What makes a good or bad packaging design? Today’s winners might reflect the retro-futurism trend or tap into the current interest in reusable packaging. The losers might ignore the ever-important easy-open function or forget product-safety features.
Last month, Packaging Digest’s global audience was most interested in articles about packaging design and new design trends. You, too, can learn from these victors and victims.
Based on page views, here are the top five best-read articles on PackagingDigest.com in February 2020:
February may be the shortest month of the year — even in a Leap Year like 2020 — but it’s one of the longest when you’re waiting for winter to end. As we got closer to one of the month’s happier holidays, we decided to celebrate and share the love with a gallery of 16 packages designed to pull at the heart strings — even for Darth Vader fans (wha?!).
Which one is your favorite??? Are hearts an overdone visual or an absolute necessity?
When it comes to packaging and sustainability, Sustainable Packaging Coalition (SPC) senior manager Tristanne Davis predicts 2020 will be a year of action and reaction, building on the fast-growing trends seen in the last two years, as subject matter expert Nina Goodrich laid out in her recent article.
Here are five sustainable packaging actions/reactions to keep an eye on moving forward:
1. More companies announce sustainable packaging goals and create action plans.
2. Companies innovate to boost end markets for recycled plastics.
3. Brands replace substrates to meet recovery goals.
4. Companies start taking reusable packaging more seriously.
5. Material health becomes more important in packaging.
How many of these are on your sustainability checklist for the year?
Another “predictions” article, posted in mid-January, is doing quite well with page views this year. It was the second best-read article from January 2020; and still appears in the top five articles from February 2020.
Here are six packaging design strategies author and expert Pamela Webber thinks brands need to know:
• Metamorphoses — This is where one design element goes through a transformation into another, creating an optical illusion that adds visual interest and draws consumers in to view the more intricate details of the packaging.
• Maximalism and rich, heavily detailed packaging — More consumers are seeking a sense of opulence, luxury, and extravagance in their products. That’s why maximalism in packaging design is poised to be all the rage in the upcoming year.
• Retro-futurism — The combination of design elements evoking nostalgia (retro) and positive anticipation (futurism) can actually work very well together. Packaging designers will create packaging that pairs both futuristic and retro design elements to create remarkable designs that will appeal to a variety of consumers.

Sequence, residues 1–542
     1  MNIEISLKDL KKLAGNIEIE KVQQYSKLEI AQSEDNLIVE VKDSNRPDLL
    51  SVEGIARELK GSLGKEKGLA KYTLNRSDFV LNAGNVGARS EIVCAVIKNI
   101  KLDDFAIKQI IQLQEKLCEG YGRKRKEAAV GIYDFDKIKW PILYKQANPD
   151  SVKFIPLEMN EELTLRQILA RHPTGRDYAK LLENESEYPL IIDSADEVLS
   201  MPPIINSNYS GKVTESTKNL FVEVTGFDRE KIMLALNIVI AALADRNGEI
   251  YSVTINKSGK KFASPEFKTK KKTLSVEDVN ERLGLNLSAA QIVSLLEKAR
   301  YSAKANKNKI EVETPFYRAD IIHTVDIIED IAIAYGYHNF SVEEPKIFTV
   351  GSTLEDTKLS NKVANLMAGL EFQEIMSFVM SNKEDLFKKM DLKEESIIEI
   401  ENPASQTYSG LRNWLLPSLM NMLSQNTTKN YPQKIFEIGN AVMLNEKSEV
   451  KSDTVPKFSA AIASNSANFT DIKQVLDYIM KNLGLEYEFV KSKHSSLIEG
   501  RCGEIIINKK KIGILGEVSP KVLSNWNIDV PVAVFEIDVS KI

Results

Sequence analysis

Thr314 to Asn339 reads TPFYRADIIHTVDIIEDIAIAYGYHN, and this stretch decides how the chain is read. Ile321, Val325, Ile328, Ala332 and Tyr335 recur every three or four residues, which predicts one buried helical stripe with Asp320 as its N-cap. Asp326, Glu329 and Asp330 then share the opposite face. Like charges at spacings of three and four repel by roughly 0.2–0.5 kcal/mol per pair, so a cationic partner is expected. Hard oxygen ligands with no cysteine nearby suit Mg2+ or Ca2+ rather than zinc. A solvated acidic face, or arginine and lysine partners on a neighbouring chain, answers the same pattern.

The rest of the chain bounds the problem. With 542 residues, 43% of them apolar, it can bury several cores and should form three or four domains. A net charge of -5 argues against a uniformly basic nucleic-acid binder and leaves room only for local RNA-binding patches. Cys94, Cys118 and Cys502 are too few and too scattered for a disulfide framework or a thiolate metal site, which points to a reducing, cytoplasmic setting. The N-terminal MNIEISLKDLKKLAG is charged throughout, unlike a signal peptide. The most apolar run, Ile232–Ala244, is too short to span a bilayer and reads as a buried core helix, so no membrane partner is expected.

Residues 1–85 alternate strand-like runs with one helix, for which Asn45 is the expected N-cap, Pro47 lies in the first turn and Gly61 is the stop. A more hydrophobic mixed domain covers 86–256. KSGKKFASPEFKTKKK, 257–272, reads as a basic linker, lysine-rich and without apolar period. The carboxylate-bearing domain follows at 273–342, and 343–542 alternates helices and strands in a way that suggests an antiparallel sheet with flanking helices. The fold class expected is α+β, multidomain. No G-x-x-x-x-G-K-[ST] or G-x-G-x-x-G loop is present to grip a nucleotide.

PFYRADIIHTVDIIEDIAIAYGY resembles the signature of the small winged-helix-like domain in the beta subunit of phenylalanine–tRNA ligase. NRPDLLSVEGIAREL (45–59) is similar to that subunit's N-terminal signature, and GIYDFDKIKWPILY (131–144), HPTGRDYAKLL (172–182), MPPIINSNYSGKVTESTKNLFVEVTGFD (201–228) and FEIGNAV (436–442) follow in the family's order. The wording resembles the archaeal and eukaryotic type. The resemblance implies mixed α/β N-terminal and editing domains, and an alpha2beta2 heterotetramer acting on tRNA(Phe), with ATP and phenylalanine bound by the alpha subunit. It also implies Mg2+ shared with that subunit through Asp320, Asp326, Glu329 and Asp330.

• Ecologically-aware packaging — Marketers are increasingly driven to seek out more ecological, plastic-free packaging alternatives to current packaging materials.
• Transparent packaging — Packaging that shows off a product’s color is already popular within the beauty and skincare sector, and in 2020, Webber expects to see a surge of this trend in food and beverage packaging as well.
• Neatly structured layouts — Within the broader package design, selected typography makes for easy readability and a sense of structure that appeals to consumers and allows designers to take a more minimalistic approach to the rest of the design.
This two-year old article continues to generate high page views. Last month, it held the number three spot in our Top 5 list of best-read articles in January 2020.
This Q&A with Can Manufacturer’s Institute president Robert Budway reveals that at least 90% of today’s food cans have replaced linings that previously contained the controversial chemical bisphenol-A (BPA).
Packaging material safety will continue to matter to companies because health-conscious consumers care — deeply. You may recall that material health was one of the top trends in “5 Sustainable Packaging Trends to Look Out for in 2020.”
It’s human nature to be fascinated by failures…as long as they aren’t yours. Several packages that we’ve written about have received negative comments from our global audience. The idea in sharing them is so others will learn from these “mistakes.”
Here are 12 brands that might want to take these criticisms seriously since they come from other packaging professionals:
Lipton tea bag box
Hellmann’s Real Mayonnaise squeeze bottle
Tropicana multi-serve PET bottle
SeaPak shrimp bag
Conagra’s Healthy Choice Café Steamers
Quaker Overnight Oats
Orbit gum package structure
Hill’s Science Diet
Benadryl topical gel bottle
Walmart compliance pack
Coty/Clairol Nice’n Easy redesign
Old Spice PET bottles
If you would like to defend these or other packages you see on our website, speak up! Packaging designers work hard and could use a pat on the back now and then.
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